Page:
Using Belbin’s Team Role Model


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Using Belbin’s Team Role Model

  1. 1. Make your team all it can be and more!!!<br />Using Belbin’s Team Role Model<br />
  2. 2. Topics to be discussed…<br />Creating a more balanced team<br />Understanding Belbin’s team role model<br />Action Oriented Roles<br />People Oriented Roles<br />Thought Oriented Roles<br />Using the Belbin Role Model tool<br />
  3. 3. Creating a more balanced team<br />Team performance is linked to…<br /> clearly defined responsibilities<br />Plus every role needed is to perform the team’s goal is being performed fully and well<br />Unfortunately despite defined roles and responsibilities, a team falls short of it full potential<br />
  4. 4. Ever have these happen on your teams:<br />Some team members do not complete what you expected them to do<br />Team members lack flexibility so things fall through the cracks<br />A valued expert on the team, does not see the bigger picture of their role, so tasks and steps are missed along the way that were expected<br />Perhaps one team members is upset at another team member’s approach to performing a task<br />
  5. 5. Dr. Meredith Belbin made some keen observations…<br />After observing teams working together for years, he made some unique observations:<br />People on teams assume different “team roles:<br />A “team role” is a tendency to behave, contribute and interrelate with others in a certain way<br />He derived 9 roles from those he observed that people will fall under<br />Each team role will determine the team’s success<br />
  6. 6. Creating a more balanced team<br />Belbin suggests that… <br />By understanding your team role within a particular team<br />You can develop your strengths and manage your weaknesses as a team member<br />Improve how you contribute to the team<br />
  7. 7. Creating a more balanced team<br />Team Leader and Team Development Leaders will often use Belbin’s tool and approach to help create more balanced teams.<br />NOTE:<br />Teams can become unbalanced if all team members have similar styles of behavior or team roles.<br />
  8. 8. Creating a more balanced team<br />EXAMPLES:<br />If team members have similar weakness = <br />The team as a whole may tend to have that weakness<br />If team members have similar team strengths= <br />They may tend to compete (rather than co-operate) for the team tasks and responsibilities that best suit their natural styles<br />So you can use the model with your team to help ensure that necessary team roles are covered, and that potential behavioral tensions or weaknesses among the team member are addressed.<br />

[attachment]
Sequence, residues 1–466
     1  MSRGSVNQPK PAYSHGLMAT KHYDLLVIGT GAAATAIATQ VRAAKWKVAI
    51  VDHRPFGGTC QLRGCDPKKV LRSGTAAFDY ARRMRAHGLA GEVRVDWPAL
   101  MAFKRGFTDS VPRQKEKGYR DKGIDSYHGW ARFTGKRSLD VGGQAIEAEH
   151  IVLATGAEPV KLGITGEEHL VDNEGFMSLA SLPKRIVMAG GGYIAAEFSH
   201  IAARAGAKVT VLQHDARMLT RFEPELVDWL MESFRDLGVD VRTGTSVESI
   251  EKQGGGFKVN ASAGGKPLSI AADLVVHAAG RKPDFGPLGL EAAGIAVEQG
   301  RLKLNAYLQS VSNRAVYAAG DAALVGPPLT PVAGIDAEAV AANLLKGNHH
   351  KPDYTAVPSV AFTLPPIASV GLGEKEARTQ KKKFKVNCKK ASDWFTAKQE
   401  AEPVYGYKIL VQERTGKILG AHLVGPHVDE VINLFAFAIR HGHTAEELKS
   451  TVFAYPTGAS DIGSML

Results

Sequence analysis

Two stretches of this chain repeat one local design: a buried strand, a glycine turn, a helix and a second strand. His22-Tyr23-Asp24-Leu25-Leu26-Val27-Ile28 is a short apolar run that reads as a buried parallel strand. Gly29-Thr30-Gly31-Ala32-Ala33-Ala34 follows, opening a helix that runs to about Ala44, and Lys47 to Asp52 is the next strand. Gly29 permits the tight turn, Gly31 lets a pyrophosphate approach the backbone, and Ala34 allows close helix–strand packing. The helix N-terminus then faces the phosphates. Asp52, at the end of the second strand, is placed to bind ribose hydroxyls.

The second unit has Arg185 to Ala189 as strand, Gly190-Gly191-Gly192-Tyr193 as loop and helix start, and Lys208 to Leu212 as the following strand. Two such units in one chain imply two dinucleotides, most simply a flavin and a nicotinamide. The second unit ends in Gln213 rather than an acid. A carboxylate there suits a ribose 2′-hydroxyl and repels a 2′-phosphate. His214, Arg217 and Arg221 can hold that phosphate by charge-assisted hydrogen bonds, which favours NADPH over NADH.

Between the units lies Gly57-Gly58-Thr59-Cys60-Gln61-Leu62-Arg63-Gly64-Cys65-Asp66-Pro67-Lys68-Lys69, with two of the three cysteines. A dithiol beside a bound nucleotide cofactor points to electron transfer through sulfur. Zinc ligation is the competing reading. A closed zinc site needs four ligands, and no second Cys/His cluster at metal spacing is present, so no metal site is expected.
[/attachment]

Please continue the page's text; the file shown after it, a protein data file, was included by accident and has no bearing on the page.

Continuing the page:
9. 9. Some tips to keep in mind…<br />Belbin&apos;s &quot;team-roles&quot; are based on observed behavior and interpersonal styles.<br />Belbin suggests that people tend to adopt a particular team-role, bear in mind that your behavior and interpersonal style within a team is to some extent dependent on the situation: It relates not only to your own natural working style, but also to your interrelationships with others, and the work being done.<br />
  10. 10. Some tips to keep in mind…<br />Be careful: You, and the people you work with, may behave and interact quite differently in different teams or when the membership or work of the team changes<br />Also, be aware that there are other approaches in use, some of which complement this model, some of which conflict with it. By all means use this approach as a guide, however do not put too much reliance on it, and temper any conclusions with common sense. <br />
  11. 11. Understanding Belbin’s team role model<br />Belbin identified nine team roles and he categorized those roles into three groups: <br />Action Oriented<br />People Oriented<br />Thought Oriented<br />Each team role is associated with typical behavioral and interpersonal strengths.<br />
  12. 12. Understanding Belbin’s team role model<br />Belbin also defined characteristic weaknesses that tend to accompany the team-role<br />He called the characteristic weaknesses of team-roles the &quot;allowable&quot; weaknesses<br />As for any behavioral weakness, these are areas to be aware of and potentially improve.<br />
  13. 13. Belbin’s Nine Team Roles are… <br />Action Oriented<br />Shapers (SH)<br />Implementer (IMP)<br />Completer-Finisher (CF)<br />People Oriented<br />Coordinator (CO)<br />Team Worker (TW)<br />Resource Investigator (RI)<br />Thought Oriented<br />Plant (PL)<br />Monitor-Evaluator (ME)<br />Specialist (SP)<br />
  14. 14. Let’s look at each role in its category in more detail…<br />Action Oriented – Shapers (SH)<br />Shapers…<br />Challenge the team to improve. <br />Dynamic and usually extroverted people who enjoy stimulating others, questioning norms, and finding the best approaches to problems. <br />Shakes things up to make sure that all possibilities are considered and that the team does not become complacent.<br />Shapers often see obstacles as exciting challenges and they tend to have the courage to push on when others feel like quitting.<br />Potential weaknesses -- May be that they&apos;re argumentative, and that they may offend people&apos;s feelings.<br />
  15. 15. Let’s look at each role in its category in more detail…<br />Action Oriented – Implementer (IMP)<br />Implementers…<br />People who get things done. <br />Turn the team&apos;s ideas and concepts into practical actions and plans. <br />Typically conservative, disciplined people who work systematically and efficiently and are very well organized.<br />These are the people who you can count on to get the job done.<br />Potential weaknesses -- Implementers may be inflexible and somewhat resistant to change.<br />
  16. 16. Let’s look at each role in its category in more detail…<br />Action Oriented – Completer-Finisher (CF)<br />Completer-Finishers…<br />Are the people who see that projects are completed thoroughly<br />Ensure there have been no errors or omissions and they pay attention to the smallest of details. <br />Very concerned with deadlines and will push the team to make sure the job is completed on time<br />Described as perfectionists who are orderly, conscientious, and anxious.<br />Potential weaknesses -- May worry unnecessarily and find it hard to delegate.<br />